By Marty Schladen and Ohio Capital Journal

There has been a terrifying surge in violence against Asians over the past year, prompting one Ohio company to take a stand on an issue it was arguably on the other side of in 2019.

Meanwhile, Ohio’s lieutenant governor is digging in over comments he made last week. (Ohio Lt. Gov. bashes China on coronavirus, won’t address Trump)

There has been a drumbeat of random violence against Asians throughout the coronavirus pandemic. 

Earlier this month, a man went on a shooting rampage in the Atlanta area, killing eight. Six of those victims were Asian women. Then on Monday, sickening surveillance footage showed a man in New York kicking a 65-year-old Asian woman in the stomach and then twice kicking her in the head and saying “you don’t belong here.

The attacks are part of an alarming trend. Nearly 3,800 instances of anti-Asian hate — most of them verbal — were reported to Stop AAPI Hate over the past year. The organization said many more unreported incidents have undoubtedly taken place.

Researchers have linked the increase in anti-Asian hate to former President Donald Trump’s rhetoric regarding the coronavirus. He repeatedly referred to it as the “China virus” and the “Kung flu.”

Last Friday, one Ohio company condemned violence against Asians.

“FirstEnergy condemns the rise in violence across the country and stands firm in our support of the Asian-American community — which includes many of our employees, customers, suppliers and stakeholders,” the company said in a tweet.

As Dave Anderson of the Energy and Policy institute flagged over the weekend, that’s a far cry from the tone of FirstEnergy-financed advertising during the 2019 fight over House Bill 6 — a $1.3 billion energy bailout that morphed into one of the biggest corruption scandals in Ohio history.

After Gov. Mike DeWine signed the bailout law, FirstEnergy and related interests funded a furious fight to stop a citizen initiative to repeal it. Much of the campaign consisted of bogus claims that the repeal effort was really a Chinese conspiracy to take over Ohio’s power grid. Some of the rhetoric in the million-dollar campaign might even have surpassed Trump’s.

“They took our manufacturing jobs,” one spot ominously opens. “They shuttered our factories. Now they’re coming for our energy jobs. The Chinese government is quietly invading our electric grid.”

As the ad makes these assertions, it flashes video of Chinese President Xi Jinping at a Communist Party function.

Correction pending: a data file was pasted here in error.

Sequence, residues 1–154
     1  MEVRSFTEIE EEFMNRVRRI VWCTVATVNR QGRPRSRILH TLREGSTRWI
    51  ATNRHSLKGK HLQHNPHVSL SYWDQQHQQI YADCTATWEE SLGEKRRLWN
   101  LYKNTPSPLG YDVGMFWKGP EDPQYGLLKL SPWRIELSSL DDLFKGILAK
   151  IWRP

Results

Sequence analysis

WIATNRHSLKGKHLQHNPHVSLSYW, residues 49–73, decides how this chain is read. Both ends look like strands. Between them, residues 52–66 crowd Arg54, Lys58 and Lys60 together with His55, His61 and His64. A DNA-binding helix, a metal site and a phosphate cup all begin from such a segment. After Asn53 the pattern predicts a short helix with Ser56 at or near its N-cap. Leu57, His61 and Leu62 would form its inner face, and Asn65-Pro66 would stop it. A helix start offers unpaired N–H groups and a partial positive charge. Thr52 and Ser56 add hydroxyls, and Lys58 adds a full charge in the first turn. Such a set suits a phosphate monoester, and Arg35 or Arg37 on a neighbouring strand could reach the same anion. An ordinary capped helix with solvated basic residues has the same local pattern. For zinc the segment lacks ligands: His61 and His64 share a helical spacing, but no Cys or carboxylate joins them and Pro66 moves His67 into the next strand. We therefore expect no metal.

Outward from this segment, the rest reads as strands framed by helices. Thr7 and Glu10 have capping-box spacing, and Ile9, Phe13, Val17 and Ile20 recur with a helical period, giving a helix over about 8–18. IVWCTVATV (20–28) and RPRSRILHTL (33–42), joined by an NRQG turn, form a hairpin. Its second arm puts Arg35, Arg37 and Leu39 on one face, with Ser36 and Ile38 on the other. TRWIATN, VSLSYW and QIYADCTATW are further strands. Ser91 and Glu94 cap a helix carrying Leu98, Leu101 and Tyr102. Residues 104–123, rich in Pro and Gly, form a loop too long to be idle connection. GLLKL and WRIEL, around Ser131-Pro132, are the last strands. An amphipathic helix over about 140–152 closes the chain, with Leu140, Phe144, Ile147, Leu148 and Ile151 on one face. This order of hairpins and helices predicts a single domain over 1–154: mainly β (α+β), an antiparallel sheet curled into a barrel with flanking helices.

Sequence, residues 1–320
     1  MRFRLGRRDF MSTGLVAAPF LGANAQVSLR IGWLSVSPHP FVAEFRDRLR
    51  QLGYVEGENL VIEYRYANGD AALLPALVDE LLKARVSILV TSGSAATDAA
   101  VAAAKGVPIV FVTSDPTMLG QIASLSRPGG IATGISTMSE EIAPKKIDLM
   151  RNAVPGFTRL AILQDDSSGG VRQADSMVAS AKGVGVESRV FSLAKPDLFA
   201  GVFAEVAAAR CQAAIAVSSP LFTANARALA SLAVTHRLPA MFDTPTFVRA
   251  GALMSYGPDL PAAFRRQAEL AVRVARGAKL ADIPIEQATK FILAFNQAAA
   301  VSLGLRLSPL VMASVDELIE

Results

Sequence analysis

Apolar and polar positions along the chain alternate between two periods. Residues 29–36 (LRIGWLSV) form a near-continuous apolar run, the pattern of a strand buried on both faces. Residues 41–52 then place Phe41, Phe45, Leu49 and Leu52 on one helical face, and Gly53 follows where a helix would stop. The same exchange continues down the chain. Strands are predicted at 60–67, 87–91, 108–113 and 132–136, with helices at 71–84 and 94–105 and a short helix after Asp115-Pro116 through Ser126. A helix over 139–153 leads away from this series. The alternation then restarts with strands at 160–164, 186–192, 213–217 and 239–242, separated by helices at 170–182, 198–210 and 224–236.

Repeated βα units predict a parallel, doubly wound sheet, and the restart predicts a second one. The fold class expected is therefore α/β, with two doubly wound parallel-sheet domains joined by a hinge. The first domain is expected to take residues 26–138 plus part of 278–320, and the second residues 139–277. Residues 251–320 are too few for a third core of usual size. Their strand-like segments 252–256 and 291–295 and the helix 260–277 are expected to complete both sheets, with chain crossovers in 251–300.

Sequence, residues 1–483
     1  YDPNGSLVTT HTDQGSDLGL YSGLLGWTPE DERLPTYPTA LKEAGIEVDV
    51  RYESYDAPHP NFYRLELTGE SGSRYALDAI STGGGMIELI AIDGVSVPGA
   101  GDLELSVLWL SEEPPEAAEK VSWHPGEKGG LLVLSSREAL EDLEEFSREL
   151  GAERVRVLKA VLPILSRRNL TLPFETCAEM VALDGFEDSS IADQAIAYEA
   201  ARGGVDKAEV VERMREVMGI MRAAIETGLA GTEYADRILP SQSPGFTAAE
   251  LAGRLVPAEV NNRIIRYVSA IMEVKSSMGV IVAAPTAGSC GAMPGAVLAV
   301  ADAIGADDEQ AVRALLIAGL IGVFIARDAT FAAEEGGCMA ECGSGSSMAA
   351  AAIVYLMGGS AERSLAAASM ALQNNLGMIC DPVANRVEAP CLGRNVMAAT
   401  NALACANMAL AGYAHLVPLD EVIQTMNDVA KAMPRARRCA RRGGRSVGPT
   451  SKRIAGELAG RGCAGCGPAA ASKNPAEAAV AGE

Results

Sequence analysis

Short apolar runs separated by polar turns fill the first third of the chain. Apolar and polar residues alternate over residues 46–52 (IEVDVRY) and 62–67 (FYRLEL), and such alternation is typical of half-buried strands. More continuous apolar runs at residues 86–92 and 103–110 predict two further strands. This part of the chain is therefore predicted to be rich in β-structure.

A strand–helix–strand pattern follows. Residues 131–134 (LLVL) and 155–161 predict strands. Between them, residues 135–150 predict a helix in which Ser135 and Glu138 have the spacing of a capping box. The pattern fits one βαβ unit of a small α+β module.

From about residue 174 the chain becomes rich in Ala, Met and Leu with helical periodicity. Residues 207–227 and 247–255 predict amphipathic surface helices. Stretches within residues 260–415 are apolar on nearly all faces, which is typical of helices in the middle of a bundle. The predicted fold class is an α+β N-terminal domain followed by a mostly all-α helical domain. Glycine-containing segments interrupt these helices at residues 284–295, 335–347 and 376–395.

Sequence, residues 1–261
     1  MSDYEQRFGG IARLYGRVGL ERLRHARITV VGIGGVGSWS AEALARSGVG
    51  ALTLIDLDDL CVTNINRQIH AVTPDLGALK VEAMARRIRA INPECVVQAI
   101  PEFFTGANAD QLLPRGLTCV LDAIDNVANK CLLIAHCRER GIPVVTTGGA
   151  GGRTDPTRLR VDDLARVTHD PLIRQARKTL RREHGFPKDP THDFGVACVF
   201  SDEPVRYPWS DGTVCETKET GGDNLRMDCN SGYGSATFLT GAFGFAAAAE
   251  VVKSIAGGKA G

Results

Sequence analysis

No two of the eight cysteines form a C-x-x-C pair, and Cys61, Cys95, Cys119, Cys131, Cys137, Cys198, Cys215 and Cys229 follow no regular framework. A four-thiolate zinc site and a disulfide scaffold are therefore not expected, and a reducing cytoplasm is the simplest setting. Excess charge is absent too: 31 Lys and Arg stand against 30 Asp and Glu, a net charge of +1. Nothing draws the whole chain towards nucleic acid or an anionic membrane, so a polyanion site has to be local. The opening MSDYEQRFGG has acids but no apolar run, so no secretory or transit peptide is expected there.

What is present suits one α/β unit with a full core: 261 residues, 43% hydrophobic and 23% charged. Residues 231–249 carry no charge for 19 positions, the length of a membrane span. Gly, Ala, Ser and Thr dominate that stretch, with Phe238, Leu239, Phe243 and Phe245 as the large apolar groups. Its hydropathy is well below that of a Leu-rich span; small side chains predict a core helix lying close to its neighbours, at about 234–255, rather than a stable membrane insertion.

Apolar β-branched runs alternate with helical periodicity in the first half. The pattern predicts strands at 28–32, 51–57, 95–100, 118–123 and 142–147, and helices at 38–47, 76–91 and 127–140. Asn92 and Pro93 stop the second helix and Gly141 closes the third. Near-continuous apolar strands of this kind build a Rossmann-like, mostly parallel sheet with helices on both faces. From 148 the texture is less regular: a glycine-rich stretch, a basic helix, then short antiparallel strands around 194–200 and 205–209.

In another ad meant to scare Ohioans from signing the petition to repeal the bailout, the FirstEnergy-funded effort again falsely linked bailout opponents to China.

“Warning!” it said. “Don’t give your personal information to the Chinese government. Don’t sign their petition allowing China control over Ohio.” 

Asked about the contrast between the stance FirstEnergy took last week and the advertising campaign it helped fund in 2019, a spokeswoman said that the company is under new management.

“FirstEnergy’s new leadership team is fully committed to diversity and inclusion and condemning violence and discrimination against Asian Americans,” the spokeswoman, Jennifer Young, said in an email. “We stand behind our statement and will continue to support and foster a workplace and world where all races, ethnicities and other targeted groups are valued and respected.”

Indeed, in October the company fired CEO Chuck Jones and other top executives after an internal investigation found that the company had made a $4 million payment to DeWine’s appointee to Ohio’s utility regulator just before the HB 6 fight heated up. 

As FirstEnergy works to move past the rhetoric of 2019, Ohio’s lieutenant governor is digging in on rhetoric from last week.

On Friday, as FirstEnergy was denouncing anti-Asian violence, Lt. Gov. Jon Husted tweeted a story about Robert Redfield, former director of the U.S. Centers for Disease Control and Prevention. Without providing evidence, Redfield claimed that the coronavirus had escaped from a laboratory in Wuhan, China — a claim the World Health Organization called “extremely unlikely.”

Despite that information being in the Axios story, Husted tweeted the story with the question, “So it appears it was the Wuhan Virus after all?

Ohio Sen. Tina Maharath, D-Columbus, is the daughter of Laotian refugees. She told the Associated Press that Husted’s comments echoed Trump’s and only aggravated anti-Asian sentiment.

Husted denied that.

“I was just pointing out that this is an international crisis, in my opinion, that the Chinese government is responsible for and I wanted an independent investigation,” he told the AP. “So I wasn’t trying to accomplish anything that the political left or political right thinks that I might have from that tweet other than to draw attention to the issue.”

In an article in the prestigious journal Nature Medicine, virologist Angela L. Rasmussen said that the “virus probably evolved in a bat host until an unknown spillover event into humans occurred.”

She called claims that the pandemic started with a laboratory accident or intentional engineering “outright ridiculous conspiracy theories.”

As for placing blame for the pandemic on government responses, there seems to be plenty of that to go around. 

Deborah Birx, Trump’s coronavirus response coordinator, last weekend suggested to CNN that Trump’s bungled response to the pandemic may have cost hundreds of thousands of lives. A Trump supporter, Husted has avoided criticizing Trump’s coronavirus response.

Marty Schladen
Marty Schladen has been a reporter for decades, working in Indiana, Texas and other places before returning to his native Ohio to work at The Columbus Dispatch in 2017. He’s won state and national journalism awards for investigations into utility regulation, public corruption, the environment, prescription drug spending and other matters.

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